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I've been working as an interactive developer at an agency for almost 6 years now, and I have just started looking to update my website to create a stronger online presence. I haven't updated it since I got the job, haven't really had a reason.
A few years back, after I had the job for a couple of years, they had us all sign NDA's that had a clause that we needed to ask permission to post any projects. So once I had my updated site pretty much ready, I came to my boss(es) with a list of about 8 projects I wanted to include from work I had done there. My boss (jokingly, I think) asked If I was trying to find a new job. I'm not really trying to finding a new job, but I want to have something up for a few people asking for some examples of my work.
Long story short, after about a week of waiting, they came back with a straight up no. No real explanation other than our clients' confidentiality. The thing is, many of the projects are in public places, and have been published in various places. They felt like it might be out of context if they were all in one place. It wouldn't be so bad if my agency actually had a website I could send people to with some examples of what I do, but they do not.
It really feels like I've worked my ass of for 6 years with nothing to show for it other than some descriptions of what I claim I can do.
Is this normal? should I fight it or negotiate? wtf...?
any advice would be awesome
1. You signed an NDA
2. They said "No" directly
Probably a good bet not to show the work on your site. You can always show the work to a potential client directly, like in a pdf presentation or in email of work samples saying you worked on it at the agency.
And you could have on your site, a client list. And have a note about ask for more info or something to that effect.
Also I know some folks have password protected sections of their site. But yeah you're in a tough spot. I'd probably err on the side of not showing it, but that's just me.
put together a password protected version of the site so that you can get a new job. If you weren't looking for a new job, you should now. 6 years at a place that wont even let you show a smaller selection of sites you've presented? I can understand them weeding out a few. If i were you i would not accept this decision outright. But I am a notorious shit stirrer so my thoughts on this are ill advised.
If they're fearful other agencies will look to steal you away, they should be treating you better. Happy people don't leave their jobs even if they're so proud of what they did their to show their work. I don't know how young you are but i've always felt long stints at agencies were for the older set. Young blood spreads their wings and gets many experiences in other agencies, cities, states, and if you can, countries to make leaps and bounds in their earning power. It will expand your knowledge base working with other artists and agencies with experiences working in other communities which is invaluable. This wouldn't be a problem if they weren't the only source of work you've had in 6 years (hopefully it's not and you've been moonlighting things you can show).
If I were you i'd approach them seriously about making some compromises for the sake of your overall happiness and expression as a creative and self and personal designer selfie moment. If they don't see the value of that you should be concerned. Maybe this is a sign.
@Complexfruit Good advice, I really don't want to get sued. I was thinking about the password protected thing, just having descriptions of things and offering a secret code to see the actual work pages. The client list is a good idea too, at least then the names are there.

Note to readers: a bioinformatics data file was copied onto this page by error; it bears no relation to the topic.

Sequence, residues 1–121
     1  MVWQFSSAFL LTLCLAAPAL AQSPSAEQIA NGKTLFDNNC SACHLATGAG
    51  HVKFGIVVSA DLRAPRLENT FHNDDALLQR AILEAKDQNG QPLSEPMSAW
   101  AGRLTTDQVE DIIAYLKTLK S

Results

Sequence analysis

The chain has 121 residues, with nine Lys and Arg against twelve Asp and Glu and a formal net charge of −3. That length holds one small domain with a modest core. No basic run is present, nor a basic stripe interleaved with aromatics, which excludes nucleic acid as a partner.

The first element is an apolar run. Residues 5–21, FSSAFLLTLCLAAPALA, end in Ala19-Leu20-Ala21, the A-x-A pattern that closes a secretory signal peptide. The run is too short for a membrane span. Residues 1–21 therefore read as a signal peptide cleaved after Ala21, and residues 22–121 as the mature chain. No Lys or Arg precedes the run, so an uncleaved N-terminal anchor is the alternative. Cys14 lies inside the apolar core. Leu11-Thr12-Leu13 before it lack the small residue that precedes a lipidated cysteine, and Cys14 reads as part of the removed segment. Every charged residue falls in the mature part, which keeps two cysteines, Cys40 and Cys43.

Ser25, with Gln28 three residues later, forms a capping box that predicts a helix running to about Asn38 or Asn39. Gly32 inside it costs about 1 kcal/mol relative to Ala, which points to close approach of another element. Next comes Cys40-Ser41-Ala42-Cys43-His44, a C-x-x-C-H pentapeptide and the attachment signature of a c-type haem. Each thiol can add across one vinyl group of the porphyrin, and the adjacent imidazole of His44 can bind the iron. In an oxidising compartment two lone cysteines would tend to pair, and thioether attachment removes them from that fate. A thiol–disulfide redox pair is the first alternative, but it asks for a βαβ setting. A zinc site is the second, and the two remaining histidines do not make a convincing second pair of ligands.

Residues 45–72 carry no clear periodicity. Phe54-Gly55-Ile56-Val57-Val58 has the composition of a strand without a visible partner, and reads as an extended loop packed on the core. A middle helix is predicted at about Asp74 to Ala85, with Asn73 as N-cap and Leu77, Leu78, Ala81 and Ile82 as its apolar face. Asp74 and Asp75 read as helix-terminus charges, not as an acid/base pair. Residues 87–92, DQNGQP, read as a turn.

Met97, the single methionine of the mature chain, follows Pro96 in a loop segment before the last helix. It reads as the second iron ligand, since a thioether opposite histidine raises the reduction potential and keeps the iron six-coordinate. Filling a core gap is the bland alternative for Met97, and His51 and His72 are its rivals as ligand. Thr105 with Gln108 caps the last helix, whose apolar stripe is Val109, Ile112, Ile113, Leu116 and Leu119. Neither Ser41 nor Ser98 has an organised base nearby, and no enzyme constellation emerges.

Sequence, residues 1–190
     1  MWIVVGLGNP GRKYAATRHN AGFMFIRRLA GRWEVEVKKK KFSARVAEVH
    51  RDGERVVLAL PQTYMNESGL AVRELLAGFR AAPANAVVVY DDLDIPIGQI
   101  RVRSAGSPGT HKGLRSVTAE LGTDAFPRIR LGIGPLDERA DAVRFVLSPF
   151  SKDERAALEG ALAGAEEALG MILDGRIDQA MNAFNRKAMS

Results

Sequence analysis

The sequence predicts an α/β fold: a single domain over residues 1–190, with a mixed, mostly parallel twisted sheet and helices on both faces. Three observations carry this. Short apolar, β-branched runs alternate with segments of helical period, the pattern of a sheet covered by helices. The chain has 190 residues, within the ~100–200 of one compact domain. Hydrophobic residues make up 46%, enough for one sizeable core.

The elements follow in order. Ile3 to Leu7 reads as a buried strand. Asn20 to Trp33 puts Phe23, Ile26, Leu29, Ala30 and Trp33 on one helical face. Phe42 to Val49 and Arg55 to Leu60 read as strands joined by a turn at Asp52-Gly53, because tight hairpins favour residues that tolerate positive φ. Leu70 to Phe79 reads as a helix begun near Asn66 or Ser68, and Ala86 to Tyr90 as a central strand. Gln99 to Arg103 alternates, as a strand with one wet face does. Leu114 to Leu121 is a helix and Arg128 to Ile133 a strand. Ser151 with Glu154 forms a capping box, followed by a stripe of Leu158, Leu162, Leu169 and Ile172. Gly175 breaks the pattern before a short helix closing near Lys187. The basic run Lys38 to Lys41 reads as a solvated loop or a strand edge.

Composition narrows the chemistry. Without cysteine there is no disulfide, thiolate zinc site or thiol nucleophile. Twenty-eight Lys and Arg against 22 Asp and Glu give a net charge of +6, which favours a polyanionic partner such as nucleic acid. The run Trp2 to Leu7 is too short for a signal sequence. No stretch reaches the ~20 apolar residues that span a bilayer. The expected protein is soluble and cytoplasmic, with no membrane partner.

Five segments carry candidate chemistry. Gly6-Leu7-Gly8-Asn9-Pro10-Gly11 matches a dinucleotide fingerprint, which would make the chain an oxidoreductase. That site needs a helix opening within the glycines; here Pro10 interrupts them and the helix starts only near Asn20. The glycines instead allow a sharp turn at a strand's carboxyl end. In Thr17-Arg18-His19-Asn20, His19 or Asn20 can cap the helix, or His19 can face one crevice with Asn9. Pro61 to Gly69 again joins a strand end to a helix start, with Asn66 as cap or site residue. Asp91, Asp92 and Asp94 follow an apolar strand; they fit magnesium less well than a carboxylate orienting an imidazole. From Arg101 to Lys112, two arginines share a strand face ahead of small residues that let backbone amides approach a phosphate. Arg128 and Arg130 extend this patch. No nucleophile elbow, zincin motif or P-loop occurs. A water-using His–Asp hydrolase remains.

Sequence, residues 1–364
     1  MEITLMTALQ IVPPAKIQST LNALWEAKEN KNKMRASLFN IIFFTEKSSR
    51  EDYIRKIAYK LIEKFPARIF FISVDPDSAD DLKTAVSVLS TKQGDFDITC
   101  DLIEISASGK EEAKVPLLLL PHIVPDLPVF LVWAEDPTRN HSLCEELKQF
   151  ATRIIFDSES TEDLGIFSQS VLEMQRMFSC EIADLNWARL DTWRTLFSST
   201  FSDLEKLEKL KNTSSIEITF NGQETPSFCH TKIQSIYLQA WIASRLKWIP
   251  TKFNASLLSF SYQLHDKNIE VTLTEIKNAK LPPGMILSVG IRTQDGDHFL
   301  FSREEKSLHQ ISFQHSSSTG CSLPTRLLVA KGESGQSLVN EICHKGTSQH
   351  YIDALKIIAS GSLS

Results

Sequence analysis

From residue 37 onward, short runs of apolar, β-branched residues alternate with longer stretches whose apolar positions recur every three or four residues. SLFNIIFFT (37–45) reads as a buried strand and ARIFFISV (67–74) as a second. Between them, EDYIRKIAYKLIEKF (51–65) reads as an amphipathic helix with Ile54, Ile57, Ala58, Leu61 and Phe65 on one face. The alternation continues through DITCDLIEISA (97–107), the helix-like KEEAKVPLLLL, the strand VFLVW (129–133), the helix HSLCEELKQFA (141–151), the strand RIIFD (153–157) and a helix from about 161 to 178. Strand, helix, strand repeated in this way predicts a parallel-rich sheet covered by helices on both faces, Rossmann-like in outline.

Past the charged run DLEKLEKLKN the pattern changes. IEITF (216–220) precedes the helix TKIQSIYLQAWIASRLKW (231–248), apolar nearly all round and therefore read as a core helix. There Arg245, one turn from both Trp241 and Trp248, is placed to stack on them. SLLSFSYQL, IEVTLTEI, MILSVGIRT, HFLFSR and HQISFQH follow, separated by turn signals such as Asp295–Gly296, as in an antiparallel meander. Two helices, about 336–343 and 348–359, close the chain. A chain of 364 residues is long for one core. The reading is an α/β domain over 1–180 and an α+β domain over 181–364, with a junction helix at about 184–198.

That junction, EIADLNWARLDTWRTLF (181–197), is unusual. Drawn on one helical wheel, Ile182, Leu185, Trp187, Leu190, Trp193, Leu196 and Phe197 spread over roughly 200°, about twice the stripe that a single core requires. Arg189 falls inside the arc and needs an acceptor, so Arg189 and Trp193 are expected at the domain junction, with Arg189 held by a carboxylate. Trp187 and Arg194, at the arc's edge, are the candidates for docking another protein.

@shellie thanks for the extra push, I've been feeling the itch to seriously start looking around. They've been hiring a whole management level right above me, in the past year I've gotten 3 new people to answer to. I'm 29, I know that 6 years is crazy long for people my age to be at one place. The work has just been great, super flexible schedule, projects and I've been able to really push my own limits. but it seems like those days are coming to an end. Unfortunately it is pretty much the only work I've done in the last few years, and nothing from before is much worth showing these days (I've kind of changed directions since i've been here).
Seems pretty strategic when they chose to give me an answer, afternoon on a friday before I go on two weeks vacation. Otherwise I would have made a point to talk with them and convince them of a few that I could use.
This is really the latest in a series of events that has really soured my position there.
thanks for the advice
Have a one page site that has your basic info, with a password protected section that shows your real work. Or just show real work at the actual interview.
If the work has been released, what can they sue you for? Are you not supposed to tell anyone where you work?
I would get rid of your dated college flash website and just put your job history, client list and say "contact me for more information".
Other places are allowed to publish your work, but you are not?
you just can't offer to show the work publicly. so do what's already been said—do the password protected thing or make a PDF you send out that has all said work in it.
nothing they can do about that.
What is your real reason for updating your gruntfolio? Are you looking for a job? You've never really answered that question. Maybe you're seeking the fandom of the geek world to let everyone know who you are. Or you're just doing this for shits-and-giggles with no purpose other than to exercise your right to publish work that you've worked on. In the case, of a developer. I'm sure you can publish the code and not one single person would recognize it on the net. But you also want the right to publish the visual work of the designer?
^ To omg's point, i've seen a lot of people get offended by not siting, or making clear personal contribution, the work of their counterparts in someone's pubic portfolio. I've heard some funny (not ha ha) stories from people. It happened to me twice although long ago, that my direct boss put my winning design in his portfolio with the given impression that he was responsible for the design. He had nothing to do with anything ever. He just made terrible comps in his dark, drunk office. That's a bitch move right there. Don't pull a Shia Lebouff.
As a person who staffs creative projects every day, a password protected portfolio is a welcome way to review work. The gateway doesn't bother me. And list at least your specific credits so so I don't have to ask. This is how everyone does it where I work (LA) where most people's portfolios are entertainment based and you're more likely to get a cease and desist from the movie studio over your employer.
Post your nda here. we will look for loop holes.